We've heard about the sexual abuse in the Catholic church along with all of their attempts at cover-up. Now we hear about the largest Protestant denomination - the Southern Baptist Church. The Houston Chronicle and San Antonio Express News are in the process of publishing a large, three-part, article on the abuses in Southern Baptist churches over the last two or three decades. You can read more about it in this Christianity Today article. I'm tired of the cover ups, and overlooking the abuse of power by people in authority in our churches. The damage it has done to boys who are now men, and girls who are now women, is unfathomable and wholly unacceptable. Though these new findings are hard to hear, and though we will (I know) discover more abuses as time goes by, I'm gladdened that the church, be it Roman Catholic or Protestant, is having an important reckoning. It's time we face the hard reality that very sick people do infiltrate our ministries and places of worship to prey on trusting people and we all - church people and church leaders - must be diligent to protect our people and be transparent about abuse when it happens.
Our church is working our way through the New Testament letter to the churches of ancient Galatia. Galatians does a beautiful job describing the fact that The Gospel (Good News) is not us performing our way into God's acceptance, nor is it being forgiven by God and He just barely putting up with our presence forever. The Good News is this shattering message that God loves us in the midst of our sinfulness, and that God has concocted this crazy plan - which would wound Him deeply - to bring us back into relationship with Himself. So any person who is vulnerable enough to trust Him for forgiveness and salvation is now permanently placed into the same position of safety and love Jesus enjoys within the Trinity, and if a person rests in that new spiritual reality it transforms them inside and out.Someone recommended to me the movie "The Heart of Man" and I would highly recommend watching it to hear the real-life powerful stories of how this Good News about a radiantly beautiful God renders beauty in very broken lives. It's currently available on Netflix.http://www.youtube.com/watch?v=ZZPy_WRywzY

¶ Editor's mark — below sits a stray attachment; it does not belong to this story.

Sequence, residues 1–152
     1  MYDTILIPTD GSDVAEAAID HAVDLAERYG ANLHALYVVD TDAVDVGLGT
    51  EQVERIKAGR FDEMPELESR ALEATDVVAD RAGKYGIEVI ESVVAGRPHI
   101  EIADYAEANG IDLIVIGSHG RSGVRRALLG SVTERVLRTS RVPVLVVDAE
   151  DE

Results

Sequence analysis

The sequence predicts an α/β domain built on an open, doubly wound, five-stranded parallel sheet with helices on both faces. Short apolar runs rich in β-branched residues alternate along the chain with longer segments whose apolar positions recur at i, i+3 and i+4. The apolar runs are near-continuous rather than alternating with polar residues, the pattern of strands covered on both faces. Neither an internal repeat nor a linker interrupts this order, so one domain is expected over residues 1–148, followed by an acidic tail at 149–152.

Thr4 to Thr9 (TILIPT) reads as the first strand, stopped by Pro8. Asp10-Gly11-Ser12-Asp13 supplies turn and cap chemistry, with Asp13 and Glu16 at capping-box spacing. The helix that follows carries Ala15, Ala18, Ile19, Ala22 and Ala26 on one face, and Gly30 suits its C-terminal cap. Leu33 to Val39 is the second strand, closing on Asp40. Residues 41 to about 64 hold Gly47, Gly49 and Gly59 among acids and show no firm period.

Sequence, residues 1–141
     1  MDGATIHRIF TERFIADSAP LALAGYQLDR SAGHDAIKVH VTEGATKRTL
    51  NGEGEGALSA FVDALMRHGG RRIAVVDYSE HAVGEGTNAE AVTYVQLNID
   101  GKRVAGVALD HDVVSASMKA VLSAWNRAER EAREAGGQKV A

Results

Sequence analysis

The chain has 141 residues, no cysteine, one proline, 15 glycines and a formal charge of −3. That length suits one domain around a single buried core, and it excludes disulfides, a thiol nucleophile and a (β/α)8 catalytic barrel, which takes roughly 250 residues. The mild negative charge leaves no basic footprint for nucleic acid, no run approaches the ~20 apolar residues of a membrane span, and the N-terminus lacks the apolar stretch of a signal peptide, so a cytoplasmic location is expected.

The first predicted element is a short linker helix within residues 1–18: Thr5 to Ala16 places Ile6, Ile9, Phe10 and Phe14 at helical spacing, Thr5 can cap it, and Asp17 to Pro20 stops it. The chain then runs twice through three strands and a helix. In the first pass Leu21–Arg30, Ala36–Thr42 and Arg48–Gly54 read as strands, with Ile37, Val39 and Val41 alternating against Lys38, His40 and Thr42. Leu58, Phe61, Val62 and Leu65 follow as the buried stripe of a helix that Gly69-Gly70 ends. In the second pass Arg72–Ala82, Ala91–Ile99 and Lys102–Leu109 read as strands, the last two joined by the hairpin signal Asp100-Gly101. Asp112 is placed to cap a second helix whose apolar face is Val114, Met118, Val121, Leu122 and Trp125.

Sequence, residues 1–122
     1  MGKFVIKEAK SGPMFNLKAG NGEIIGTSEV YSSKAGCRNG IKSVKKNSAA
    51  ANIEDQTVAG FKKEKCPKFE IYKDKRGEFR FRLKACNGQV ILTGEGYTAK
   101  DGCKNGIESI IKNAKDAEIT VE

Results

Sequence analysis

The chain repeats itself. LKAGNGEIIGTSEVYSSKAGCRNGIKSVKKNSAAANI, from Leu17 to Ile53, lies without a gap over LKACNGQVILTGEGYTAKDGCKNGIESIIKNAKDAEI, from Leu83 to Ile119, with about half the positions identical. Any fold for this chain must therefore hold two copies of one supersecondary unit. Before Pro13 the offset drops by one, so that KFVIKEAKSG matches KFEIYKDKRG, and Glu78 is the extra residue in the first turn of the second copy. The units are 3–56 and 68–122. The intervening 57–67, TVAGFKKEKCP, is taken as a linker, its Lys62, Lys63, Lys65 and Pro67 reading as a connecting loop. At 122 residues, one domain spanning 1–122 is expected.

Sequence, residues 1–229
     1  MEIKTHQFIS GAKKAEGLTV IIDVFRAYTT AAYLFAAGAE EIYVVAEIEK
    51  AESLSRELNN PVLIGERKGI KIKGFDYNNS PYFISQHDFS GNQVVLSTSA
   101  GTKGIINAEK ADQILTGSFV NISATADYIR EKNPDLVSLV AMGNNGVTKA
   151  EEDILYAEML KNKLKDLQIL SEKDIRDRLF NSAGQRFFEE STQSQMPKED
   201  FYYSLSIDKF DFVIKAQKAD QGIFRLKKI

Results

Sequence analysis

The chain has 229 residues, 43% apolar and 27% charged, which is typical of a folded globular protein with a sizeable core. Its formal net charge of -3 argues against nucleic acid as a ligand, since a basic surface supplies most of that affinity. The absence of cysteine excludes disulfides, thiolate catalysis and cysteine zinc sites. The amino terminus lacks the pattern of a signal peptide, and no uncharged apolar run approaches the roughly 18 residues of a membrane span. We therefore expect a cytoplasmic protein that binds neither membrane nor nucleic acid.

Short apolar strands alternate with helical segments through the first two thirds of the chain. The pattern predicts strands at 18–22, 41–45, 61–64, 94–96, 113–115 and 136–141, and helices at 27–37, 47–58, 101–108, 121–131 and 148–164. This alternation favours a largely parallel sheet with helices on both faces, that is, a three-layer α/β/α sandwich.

I recently stumbled upon this great African Proverb:"If while climbing a tree you insist on going beyond the top, the earth will be waiting for you."I've spent so much of my life trying to go beyond the top of so many projects and plans I've had. I've done these things in hopes that I would somehow be more to others, God, and even more to my own self. But every time I pursue these "beyond the top" projects my pride, spurred on by my insecurity, comes before my fall.